It’s infuriating and disheartening when films remind us that most online film discourses about sensitive issues may not even reach some creators or may not make a difference in how they would choose to tell their stories. I say this because G.N.R Kumaravelan’s Sinam is a perfect example of how not to depict sexual assault and why it is counter-productive to write scenes that attempt to milk the emotions of the audience. Sinam tells the story of a police officer named Pari Venkat (Arun Vijay) who vows to take revenge on the culprits who sexually assaulted and killed his wife Madhangi a.k.a Madhu (Palak Lalwani). Yes, it’s the age-old police revenge saga and it is told in an even more archaic fashion.
Sinam’s misfires begin right from the beginning. We first meet sub-inspector Pari at a local pub where he arrests an accused while disobeying the orders of his superior. The classic hero introduction fight happens. Pari even holds the side of a goon’s face on a hot Parotta frying pan. In short, Pari is the cop in need of anger management (The title ‘Sinam’ means rage in Tamil). Now, in any masala actioner, when you see a hero inflict such violence on a rowdy, you wouldn’t ring sirens for human rights and question the ethics of a police officer. It’s the unwritten rule of masala cinema that you let those things slide, and here, the goon was definitely obstructing a police officer from doing his duty. But Sinam is not one of those masala entertainers where you let such things slide. In retrospect, this visual of Pari making meat patties out of goons nags you because this is a film that takes itself quite seriously and wants you to believe that Pari is, or at least was, the ultimate symbol of justice.
Now, keeping aside this introduction scene, the way the first act is set up itself works against any suspense or shock that the conflict would have elicited. The film doesn’t give us anything about the criminal case that Pari was handling in the beginning when he arrests the goon, and we then extensively see the love story of Pari and Madhu from the first time they met each other. Generic scenes are stacked one after the other, and given all the information one has in hand, it’s not hard to guess what’s about to come from a mile away.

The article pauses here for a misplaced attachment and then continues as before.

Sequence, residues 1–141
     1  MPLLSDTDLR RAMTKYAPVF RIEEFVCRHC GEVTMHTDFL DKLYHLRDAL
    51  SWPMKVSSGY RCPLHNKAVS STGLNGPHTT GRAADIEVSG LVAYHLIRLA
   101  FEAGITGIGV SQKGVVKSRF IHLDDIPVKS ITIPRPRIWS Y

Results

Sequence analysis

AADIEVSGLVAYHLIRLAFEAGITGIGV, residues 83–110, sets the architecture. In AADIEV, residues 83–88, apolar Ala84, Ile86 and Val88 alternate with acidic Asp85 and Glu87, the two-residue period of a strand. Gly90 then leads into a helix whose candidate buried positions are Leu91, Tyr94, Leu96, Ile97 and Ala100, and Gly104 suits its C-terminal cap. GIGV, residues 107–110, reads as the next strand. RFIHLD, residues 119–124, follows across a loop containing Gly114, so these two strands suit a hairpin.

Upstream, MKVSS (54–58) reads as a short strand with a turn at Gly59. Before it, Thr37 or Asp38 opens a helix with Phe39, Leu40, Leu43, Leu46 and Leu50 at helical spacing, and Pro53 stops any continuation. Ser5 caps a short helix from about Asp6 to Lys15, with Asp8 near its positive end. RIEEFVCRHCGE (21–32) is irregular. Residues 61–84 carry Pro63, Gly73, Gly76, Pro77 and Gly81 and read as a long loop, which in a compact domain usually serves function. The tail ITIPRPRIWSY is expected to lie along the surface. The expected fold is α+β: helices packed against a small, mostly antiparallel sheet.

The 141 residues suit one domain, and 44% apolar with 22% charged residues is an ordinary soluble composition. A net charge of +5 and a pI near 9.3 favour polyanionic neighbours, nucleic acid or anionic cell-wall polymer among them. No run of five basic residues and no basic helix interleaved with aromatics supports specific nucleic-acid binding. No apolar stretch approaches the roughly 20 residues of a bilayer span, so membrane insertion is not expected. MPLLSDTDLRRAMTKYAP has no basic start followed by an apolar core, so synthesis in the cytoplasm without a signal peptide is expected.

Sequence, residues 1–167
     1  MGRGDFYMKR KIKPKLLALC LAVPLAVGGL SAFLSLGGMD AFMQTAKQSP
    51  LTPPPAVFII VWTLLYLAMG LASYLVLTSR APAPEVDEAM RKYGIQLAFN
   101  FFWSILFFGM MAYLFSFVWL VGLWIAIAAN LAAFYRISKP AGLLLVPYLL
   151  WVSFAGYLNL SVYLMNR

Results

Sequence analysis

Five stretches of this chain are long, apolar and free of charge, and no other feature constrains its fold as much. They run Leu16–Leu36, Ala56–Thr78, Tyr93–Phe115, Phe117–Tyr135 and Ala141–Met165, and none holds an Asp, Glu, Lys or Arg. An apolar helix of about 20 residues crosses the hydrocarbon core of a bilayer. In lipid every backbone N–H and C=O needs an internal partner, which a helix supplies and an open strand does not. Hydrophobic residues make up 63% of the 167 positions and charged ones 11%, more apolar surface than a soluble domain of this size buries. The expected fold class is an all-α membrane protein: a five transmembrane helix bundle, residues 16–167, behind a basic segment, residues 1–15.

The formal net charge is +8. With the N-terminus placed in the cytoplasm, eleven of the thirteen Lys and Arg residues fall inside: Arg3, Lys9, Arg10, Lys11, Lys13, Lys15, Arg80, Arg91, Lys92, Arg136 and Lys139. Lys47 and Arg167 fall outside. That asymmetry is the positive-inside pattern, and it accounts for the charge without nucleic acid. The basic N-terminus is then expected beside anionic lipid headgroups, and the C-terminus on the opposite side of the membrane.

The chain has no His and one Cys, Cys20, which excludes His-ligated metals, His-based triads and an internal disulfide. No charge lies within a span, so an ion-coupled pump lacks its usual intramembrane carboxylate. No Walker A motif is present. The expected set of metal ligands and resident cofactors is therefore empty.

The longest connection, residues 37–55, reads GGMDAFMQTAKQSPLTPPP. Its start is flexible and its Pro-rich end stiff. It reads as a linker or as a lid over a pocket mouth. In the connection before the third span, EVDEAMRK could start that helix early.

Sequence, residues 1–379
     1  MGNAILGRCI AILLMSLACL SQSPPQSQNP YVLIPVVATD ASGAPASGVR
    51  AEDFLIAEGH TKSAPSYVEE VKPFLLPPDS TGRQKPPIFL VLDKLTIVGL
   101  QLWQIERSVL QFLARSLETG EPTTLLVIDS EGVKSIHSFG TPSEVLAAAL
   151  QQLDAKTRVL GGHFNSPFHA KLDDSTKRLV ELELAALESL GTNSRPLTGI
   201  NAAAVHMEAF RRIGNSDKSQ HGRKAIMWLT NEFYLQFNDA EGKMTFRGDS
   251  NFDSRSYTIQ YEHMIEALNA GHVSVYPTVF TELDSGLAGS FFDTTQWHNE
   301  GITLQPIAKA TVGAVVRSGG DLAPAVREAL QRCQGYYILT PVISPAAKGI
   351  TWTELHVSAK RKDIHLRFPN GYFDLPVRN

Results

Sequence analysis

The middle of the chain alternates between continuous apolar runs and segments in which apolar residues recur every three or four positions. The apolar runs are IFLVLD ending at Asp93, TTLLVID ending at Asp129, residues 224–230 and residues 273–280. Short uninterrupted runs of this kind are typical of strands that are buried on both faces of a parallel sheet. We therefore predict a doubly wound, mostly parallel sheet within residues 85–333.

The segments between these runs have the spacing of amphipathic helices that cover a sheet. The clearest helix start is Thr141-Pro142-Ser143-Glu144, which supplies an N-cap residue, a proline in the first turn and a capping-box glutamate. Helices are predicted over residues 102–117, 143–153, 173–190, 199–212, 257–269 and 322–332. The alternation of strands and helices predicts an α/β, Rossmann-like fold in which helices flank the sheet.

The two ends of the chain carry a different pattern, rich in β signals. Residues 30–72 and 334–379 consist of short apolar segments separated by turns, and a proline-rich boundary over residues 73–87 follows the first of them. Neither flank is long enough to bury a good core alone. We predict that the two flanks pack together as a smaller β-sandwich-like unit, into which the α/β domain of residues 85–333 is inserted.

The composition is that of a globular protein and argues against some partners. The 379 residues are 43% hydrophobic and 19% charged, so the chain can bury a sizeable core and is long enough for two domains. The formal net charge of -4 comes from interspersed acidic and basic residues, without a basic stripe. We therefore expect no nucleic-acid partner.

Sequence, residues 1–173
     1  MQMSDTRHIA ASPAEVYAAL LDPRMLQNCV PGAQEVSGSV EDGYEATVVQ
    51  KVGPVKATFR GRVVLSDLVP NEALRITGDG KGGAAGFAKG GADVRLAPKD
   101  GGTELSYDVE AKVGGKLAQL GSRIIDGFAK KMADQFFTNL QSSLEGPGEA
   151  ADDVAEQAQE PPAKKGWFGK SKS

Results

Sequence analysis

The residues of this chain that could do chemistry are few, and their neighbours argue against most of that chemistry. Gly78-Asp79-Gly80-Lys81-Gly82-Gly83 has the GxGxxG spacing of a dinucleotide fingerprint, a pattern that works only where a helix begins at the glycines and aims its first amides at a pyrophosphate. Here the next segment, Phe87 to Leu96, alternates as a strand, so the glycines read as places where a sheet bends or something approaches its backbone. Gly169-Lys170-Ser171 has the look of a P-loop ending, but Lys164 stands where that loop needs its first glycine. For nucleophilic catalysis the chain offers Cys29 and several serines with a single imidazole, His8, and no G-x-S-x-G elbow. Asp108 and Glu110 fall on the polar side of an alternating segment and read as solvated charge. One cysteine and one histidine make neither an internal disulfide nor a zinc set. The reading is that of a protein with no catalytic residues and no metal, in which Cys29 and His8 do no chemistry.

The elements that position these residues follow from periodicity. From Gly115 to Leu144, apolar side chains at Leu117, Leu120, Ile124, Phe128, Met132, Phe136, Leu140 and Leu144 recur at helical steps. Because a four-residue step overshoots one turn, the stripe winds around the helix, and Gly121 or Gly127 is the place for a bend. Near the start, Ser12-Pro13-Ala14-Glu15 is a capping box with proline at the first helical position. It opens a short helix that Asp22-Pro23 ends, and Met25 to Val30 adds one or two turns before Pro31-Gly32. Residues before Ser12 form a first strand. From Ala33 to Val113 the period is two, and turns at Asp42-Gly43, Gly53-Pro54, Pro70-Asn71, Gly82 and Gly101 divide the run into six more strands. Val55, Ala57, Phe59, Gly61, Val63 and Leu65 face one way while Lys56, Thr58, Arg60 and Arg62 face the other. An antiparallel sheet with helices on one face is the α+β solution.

Madhu dies, unfortunately. The scenes that immediately follow her death are like a forewarning of what’s awaiting us in the end because there are repeated attempts at thrusting melodrama. The police procedural that begins soon is another misfire on many levels. After a brief suspension for assaulting his superior, Pari is once again reinstated. The top cop (RNR Manohar) assigns the case of his wife’s death to Pari, the grief-stricken cop who is visibly emotionally unstable. “Personal emotional connect is necessary for such a case,” he justifies. Conflict of interest? Who cares as long as this puts the hero cop on the route to getting justice? While any other cop would have started by checking CCTV footage, it’s the third or fourth step in Pari’s investigation. In a scene, Pari writes all the reasons that can cause a murder — like revenge, money, and sex — and circles on revenge. One begins to wonder if he will zero in on each of those reasons and if this will open up a larger world with more mysteries. None of that happens.
An unengaging, generic investigation ends with the culprits spilling the truth. Now when the culprits speak about what they did to Madhu, is it necessary to show all of it visually, in the most insensitive fashion possible? One might argue that it’s a creator’s choice about what to show, but for a film that speaks against sexual assault, it also portrays the male gaze to add to the scene’s distaste.
Sinam is the kind of movie that tires you to the extent you begin to not care to count its flaws. Disguised under the safe cloak of ‘good intentions’, the film is condescending to the audience’s intellect. It picks low-hanging fruits that appease the basic instincts of the mind and gives its all to exploit it and milk an emotional response. From the perspective of craft, it’s a film that doesn’t move an inch towards novelty, with the writing being ineffective. It’s unfortunate since Arun Vijay, just like in his previous release Tamil Rockerz, a web series, puts all his effort into bringing Pari to life. In fact, Arun looks chiselled and adheres to the standards set for action-hero cops in cinema.
The cherry on top of all that went down in Sinam is the dialogue the hero utters in the end to justify his anger, and why it’s important to instill fear among sexual predators. . In a day and age where people talk about the possibility of alternate justice or restorative justice, the importance of teaching sex education to minors, and methods that can prevent rape, this is a reminder nobody asked for. If it’s a reminder of anything, it is that filmmakers should step out of their chambers and understand why they want to tell a story, and stop belittling the intellect of the audience.
Sinam is currently running in theatres